Cooperative Coffee Roasting – A New Model in the Coffee Industry

If you’re a coffee shop owner you might have considered roasting your own beans at some point. But the cost can be prohibitive for some — when you consider equipment, leasing space, building out that space, getting the right permits, and so on, the costs soon mount up.

Now that’s all starting to change with a new model: cooperative coffee roasting.

What is a Cooperative Coffee Roasting?

At its simplest, a cooperative is an organization run by its members, for the benefit of its members. It has historically been a popular business model for banks, insurance companies, sports teams and farming companies, industries in which being run by and for customers or fans can be a true asset. An insurance company that is owned by its customers will charge lower prices and pay more claims, for example, because they aren’t driven by the need to make a profit — they merely need to break even. A sports team run by its fans will always place fans’ interests ahead of commercial interests.

Now the model is spreading to coffee roasting. Cooperatives like Buckman Coffee Factory and Pulley Collective in New York, are beginning to make coffee roasting more accessible to everyone including small locally owned coffee shops. .

Cost Benefits of a Cooperative Model

Cooperative-Coffee-Roasting-Achilles-Coffee-Roasters-San-Diego-Our-CoffeeAt its simplest, a cooperative allows people to share the startup costs of roasting. Pulley Collective, for example, estimates that the costs of opening a new coffee roasting operation would be between $300k – $1m in New York. Pulley Collective, in comparison, charges its members $850 per week for membership, with different packages available depending on whether you want to rent the space by the day or by the hour. Buckman Coffee Factory offers hourly and monthly leasing options as well as green coffee storage.

This means that roasting is accessible to everyone, no matter the budget.

Better Coffee, Too

Simple economics would suggest that when the cost of entry into a market falls, more people will enter that market. That’s exactly what’s happening with cooperative coffee roasters: more and more small, niche roasters are getting involved, spurred on by the lower start up costs and a chance to do something they love.

With lower costs, roasters now have the freedom to experiment and try new ideas, too. By allowing room for this variety and innovation, cooperative roasters lead to better quality coffee.

There’s one final benefit: ready access to a community of like-minded people. Roasters can surround themselves with others who are striving to create great coffee, sharing advice and stories, and bonding over their shared passion.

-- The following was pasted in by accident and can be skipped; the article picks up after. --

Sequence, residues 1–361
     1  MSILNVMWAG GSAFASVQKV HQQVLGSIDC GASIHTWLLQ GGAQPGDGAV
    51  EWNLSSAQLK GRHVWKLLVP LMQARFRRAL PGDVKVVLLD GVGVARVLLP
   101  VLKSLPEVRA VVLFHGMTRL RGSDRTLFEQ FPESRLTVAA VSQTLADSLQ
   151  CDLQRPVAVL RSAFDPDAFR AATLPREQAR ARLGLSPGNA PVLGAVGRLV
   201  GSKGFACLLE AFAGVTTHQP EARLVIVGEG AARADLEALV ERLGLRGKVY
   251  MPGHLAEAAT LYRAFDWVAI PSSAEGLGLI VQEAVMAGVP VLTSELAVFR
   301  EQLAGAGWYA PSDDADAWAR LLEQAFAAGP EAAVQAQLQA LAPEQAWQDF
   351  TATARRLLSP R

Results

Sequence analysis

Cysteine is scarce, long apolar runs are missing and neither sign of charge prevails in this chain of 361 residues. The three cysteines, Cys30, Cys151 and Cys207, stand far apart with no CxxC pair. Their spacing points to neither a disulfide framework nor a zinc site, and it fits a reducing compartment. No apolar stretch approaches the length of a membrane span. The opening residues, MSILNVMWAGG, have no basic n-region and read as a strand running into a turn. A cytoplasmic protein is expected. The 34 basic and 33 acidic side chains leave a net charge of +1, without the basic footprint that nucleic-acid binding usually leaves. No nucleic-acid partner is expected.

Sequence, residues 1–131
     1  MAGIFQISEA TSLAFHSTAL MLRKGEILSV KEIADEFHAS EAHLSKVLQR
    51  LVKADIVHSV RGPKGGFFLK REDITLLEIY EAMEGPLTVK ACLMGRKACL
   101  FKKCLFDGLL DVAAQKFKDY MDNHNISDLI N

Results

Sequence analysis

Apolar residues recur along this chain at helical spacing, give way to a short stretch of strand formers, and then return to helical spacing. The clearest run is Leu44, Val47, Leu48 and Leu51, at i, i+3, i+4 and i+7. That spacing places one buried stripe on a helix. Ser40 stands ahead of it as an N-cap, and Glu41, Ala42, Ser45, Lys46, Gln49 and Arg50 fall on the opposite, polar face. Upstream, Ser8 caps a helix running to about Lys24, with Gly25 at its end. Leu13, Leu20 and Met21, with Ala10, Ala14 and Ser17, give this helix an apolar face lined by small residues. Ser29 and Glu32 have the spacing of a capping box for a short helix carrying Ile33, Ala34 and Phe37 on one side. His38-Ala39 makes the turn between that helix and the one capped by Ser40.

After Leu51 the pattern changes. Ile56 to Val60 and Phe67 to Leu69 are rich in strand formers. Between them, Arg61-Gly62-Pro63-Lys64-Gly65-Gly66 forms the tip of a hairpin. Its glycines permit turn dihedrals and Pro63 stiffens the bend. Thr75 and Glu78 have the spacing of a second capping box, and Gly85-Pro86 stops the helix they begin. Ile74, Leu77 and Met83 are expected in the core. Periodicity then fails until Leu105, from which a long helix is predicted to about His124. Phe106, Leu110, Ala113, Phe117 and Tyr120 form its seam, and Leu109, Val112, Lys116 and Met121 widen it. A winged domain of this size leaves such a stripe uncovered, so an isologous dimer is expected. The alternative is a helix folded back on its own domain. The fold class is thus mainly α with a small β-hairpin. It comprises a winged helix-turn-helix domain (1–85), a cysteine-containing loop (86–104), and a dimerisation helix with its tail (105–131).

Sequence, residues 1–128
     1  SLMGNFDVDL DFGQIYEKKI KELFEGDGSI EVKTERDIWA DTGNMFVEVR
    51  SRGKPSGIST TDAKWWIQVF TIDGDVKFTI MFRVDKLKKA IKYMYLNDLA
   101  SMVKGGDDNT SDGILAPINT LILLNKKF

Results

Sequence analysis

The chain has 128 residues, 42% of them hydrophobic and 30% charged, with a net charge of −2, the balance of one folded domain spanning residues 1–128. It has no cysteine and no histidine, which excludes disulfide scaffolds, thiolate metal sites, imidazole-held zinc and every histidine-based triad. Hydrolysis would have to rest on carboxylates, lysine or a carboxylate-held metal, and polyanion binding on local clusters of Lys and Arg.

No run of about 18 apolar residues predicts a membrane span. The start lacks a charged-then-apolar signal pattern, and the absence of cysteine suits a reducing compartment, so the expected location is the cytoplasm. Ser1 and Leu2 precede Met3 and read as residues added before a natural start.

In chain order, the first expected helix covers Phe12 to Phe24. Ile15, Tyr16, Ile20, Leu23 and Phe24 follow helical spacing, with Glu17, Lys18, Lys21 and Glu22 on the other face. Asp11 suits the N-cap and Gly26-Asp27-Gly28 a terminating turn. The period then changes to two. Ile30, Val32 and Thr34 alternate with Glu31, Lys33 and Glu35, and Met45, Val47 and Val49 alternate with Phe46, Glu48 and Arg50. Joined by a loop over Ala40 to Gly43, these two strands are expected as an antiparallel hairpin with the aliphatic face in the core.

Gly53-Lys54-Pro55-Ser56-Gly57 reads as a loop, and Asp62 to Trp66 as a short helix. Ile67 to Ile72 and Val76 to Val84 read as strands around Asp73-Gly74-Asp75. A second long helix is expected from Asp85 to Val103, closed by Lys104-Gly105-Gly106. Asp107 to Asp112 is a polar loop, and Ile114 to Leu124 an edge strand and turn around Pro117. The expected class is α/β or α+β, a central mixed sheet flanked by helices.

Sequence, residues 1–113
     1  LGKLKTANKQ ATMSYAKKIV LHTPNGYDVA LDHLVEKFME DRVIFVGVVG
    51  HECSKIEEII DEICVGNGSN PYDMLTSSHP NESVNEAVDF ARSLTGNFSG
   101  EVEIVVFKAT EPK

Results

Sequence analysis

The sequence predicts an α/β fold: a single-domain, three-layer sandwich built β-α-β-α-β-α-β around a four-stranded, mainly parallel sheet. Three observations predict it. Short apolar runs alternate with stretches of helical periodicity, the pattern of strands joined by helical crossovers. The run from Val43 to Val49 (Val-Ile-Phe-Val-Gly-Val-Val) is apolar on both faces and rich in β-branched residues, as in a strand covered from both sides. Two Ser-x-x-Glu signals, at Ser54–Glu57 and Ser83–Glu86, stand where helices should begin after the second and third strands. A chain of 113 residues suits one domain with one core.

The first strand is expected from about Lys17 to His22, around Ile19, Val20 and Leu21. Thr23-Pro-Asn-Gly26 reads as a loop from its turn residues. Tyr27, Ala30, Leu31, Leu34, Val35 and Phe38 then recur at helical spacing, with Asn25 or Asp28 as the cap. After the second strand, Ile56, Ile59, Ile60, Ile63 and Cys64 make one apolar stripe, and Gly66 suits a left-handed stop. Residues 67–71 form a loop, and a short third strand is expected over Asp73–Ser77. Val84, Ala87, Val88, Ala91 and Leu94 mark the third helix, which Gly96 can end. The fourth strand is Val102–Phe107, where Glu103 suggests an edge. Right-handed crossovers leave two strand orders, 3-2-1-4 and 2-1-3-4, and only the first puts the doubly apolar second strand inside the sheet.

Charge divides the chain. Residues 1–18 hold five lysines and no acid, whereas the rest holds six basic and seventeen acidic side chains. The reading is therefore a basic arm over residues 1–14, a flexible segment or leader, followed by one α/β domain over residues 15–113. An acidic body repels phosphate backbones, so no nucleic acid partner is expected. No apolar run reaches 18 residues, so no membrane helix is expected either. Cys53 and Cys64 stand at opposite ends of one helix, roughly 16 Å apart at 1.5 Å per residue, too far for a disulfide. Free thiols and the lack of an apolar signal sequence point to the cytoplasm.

With so many benefits to coffee roasters and drinkers alike, there’s no doubt about it. Cooperative coffee roasting is here to stay.

Fair and Direct Trade Coffee – Cooperative Coffees

Coop Coffees is an interesting player in the 3rd wave coffee movement. What they do is simple: they import green coffee from smaller-scale farmers and their exporting cooperatives all around the world. That’s not so unique, is it? After all, the fair trade coffee movement has been around for quite some time. What makes Cooperative Coffees different?Buy-Green-Coffee-Beans-Online-Achilles-Coffee-Roasters-San-Diego-California

 

What Cooperative Coffees is doing differently is evolving the definition of “fair trade.” They already adhere to the “Nine Basic Principles” of fair trade:

 

  1. Create Opportunities for Economically and Socially Marginalized Producers
  2. Develop Transparent and Accountable Relationships
  3. Build Capacity
  4. Promote Fair Trade
  5. Pay Promptly and Fairly
  6. Support Safe and Empowering Working Conditions
  7. Ensure the Rights of Children
  8. Cultivate Environmental Stewardship
  9. Respect Cultural Identity

 

What they’ve done is take these nine principles and update them to the present day.

 

When the fair trade movement first started, the goal was to build a unified and transparent network between coffee growers, purchasers, and roasters. However, it has instead created a tangled web of different purchasing networks and companies. All of these players are operating by different sets of rules. This means that the definition of “fair trade” is much murkier than it once was.

 

In fact, this murkiness is part of the reason we’ve seen a push towards direct trade coffee, where roasters deal directly with a particular farm, often making site visits and building a person-to-person relationship with the farmer. Direct trade is often hailed as the gold standard of trade practices, but it’s a one-to-one relationship. What about smaller roasters that don’t have the capacity to directly visit farmers?

 

By updating the Nine Basic Principles and adding the cooperative aspect to their business, Coop Coffees is creating a more transparent and fair market between small-scale coffee growers and small-scale coffee roasters. By creating a collective of roasters that all commit to purchasing under these fair and direct trade coffee principles, they are giving farmers and their communities much more than just income. They’re giving them stability.

 

As if this wasn’t already enough, Coop Coffees is expanding all across the United States and Canada, with a new location coming to Los Angeles soon. They have dozens of exporting relationships with cooperatives in Latin America, Southeast Asia, and Africa. On the demand side, they have over 20 member roasters in the cooperative.

 

Will we see a Coop Coffees member roaster make an entrance in San Diego? Or perhaps another cooperative will dip its toes in the water down here. Either way, this evolution of the fair trade movement is a good sign for artisanal roasters around the country.